How to calibrate a Data Logger




Title: How to Calibrate a Data Logger/Data Acquisition System

Author: Dr Duncan James, creator of Tcal, a specialised data-logger calibration process.

As the author of Tcal I am often asked: "How do you calibrate a data logger." Mainly I am asked by customers who are simply intrigued by what I am doing during an onsite visit.

If we exclude some of the more specialist instruments, most data loggers simply measure an input voltage. Unsurprisingly, the basis of every calibration technique I have ever seen is to input a known voltage and check the instrument records the correct value. Depending on the thoroughness of the calibration technique this may be done for a single positive voltage, also for a zero voltage, also for a negative voltage and sometimes for a series of voltages over the entire range. In general, the more voltages that are tested, the better.

That is pretty much it. Timebase is easily done with a known-frequency input. Stability is effectively already tested as long as the calibration data collection takes, say, an hour to do. Sometimes the response to a fast-changing signal is important. In my experience this has been accounted for during the design of work procedures before the instrument was even bought. In the rare cases that response time has to be part of the calibration process I personally recommend recording the response of the instrument to a step change in voltage.

A problem with modern technology is that there can be so many channels and ranges that the number of individual measurements can number over 6,000 for a 5-point calibration of a 100 channel instrument. I have heard other calibration experts conclude that "therefore a complete calibration is impossible so it is necessary to simply choose a few to test properly". I believe that this is misleading because of the opportunities provided by modern, fast computers.

I have seen two main approaches to speeding up the calibration process. One approach is to use a macro or script that controls both the data logger and a voltage generator. The system can then sit and calibrate itself. A downside to this approach is that it involves a lot of software development. For an instrument-type that does not sell large numbers of units, these development costs are shared between fewer end users.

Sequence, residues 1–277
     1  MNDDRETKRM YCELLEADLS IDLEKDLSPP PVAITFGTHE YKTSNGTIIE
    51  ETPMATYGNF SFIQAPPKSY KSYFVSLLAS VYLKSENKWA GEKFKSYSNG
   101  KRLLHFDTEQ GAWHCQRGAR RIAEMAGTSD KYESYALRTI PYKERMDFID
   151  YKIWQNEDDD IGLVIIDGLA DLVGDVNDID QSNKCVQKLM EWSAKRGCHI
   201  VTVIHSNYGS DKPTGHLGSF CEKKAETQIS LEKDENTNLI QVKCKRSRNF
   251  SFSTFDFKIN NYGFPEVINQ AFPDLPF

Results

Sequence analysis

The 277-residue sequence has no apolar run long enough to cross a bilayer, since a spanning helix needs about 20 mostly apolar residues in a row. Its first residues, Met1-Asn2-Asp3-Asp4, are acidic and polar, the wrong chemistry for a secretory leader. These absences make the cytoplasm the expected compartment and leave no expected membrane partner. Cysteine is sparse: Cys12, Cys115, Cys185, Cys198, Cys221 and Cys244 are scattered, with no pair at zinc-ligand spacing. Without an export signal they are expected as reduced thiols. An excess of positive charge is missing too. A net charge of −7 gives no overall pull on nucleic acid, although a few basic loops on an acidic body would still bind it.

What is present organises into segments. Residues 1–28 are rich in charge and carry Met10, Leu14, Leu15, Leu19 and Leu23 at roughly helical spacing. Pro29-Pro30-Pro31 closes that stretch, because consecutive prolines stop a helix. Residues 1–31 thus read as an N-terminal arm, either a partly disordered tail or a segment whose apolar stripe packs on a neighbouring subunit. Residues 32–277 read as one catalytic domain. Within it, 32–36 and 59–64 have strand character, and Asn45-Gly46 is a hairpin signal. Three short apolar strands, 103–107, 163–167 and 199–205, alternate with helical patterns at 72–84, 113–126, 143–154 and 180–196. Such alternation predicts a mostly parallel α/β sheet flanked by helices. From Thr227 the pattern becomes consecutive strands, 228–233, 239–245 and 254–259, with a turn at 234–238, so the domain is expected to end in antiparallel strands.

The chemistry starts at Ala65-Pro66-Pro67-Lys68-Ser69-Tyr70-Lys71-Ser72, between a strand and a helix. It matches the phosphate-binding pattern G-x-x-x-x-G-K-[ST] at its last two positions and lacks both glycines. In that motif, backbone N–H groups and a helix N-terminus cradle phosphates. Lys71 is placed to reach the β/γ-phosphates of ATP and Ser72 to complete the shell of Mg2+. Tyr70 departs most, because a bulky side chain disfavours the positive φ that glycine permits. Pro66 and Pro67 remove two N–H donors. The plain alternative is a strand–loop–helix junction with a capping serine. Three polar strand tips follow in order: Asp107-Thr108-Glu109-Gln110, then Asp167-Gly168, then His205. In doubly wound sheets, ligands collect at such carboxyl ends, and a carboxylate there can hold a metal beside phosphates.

The second approach, that I am most familiar with, is to automate every step of the process except for one. A human still has to manually input a series of voltages and then save the data to text files with predictable names. The obvious downside of this approach is that it might require, say, an extra hour of staff time. However, I remain an advocate of this hybrid automated/manual approach: I think it is an example of where the time-saving of automation is significantly less than the time it takes to program! Also, a single software product (such as Tcal) can then be used for any instrument type: making comparison of results between instruments much easier.

Which modern approach is best? Obviously it depends on your personal needs. I encourage you to visit my website http://www.drduncanjames.co.uk/Tcal to find out more. There are many free resources on there which I am happy to share with all in the industry.


For sales and technical information contact:-

Dr Duncan James
Phone: +44 (0) 77 5757 4942
Email:
drduncanjames@gmail.com
Website: http://www.drduncanjames.co.uk/Tcal

May 2017



   


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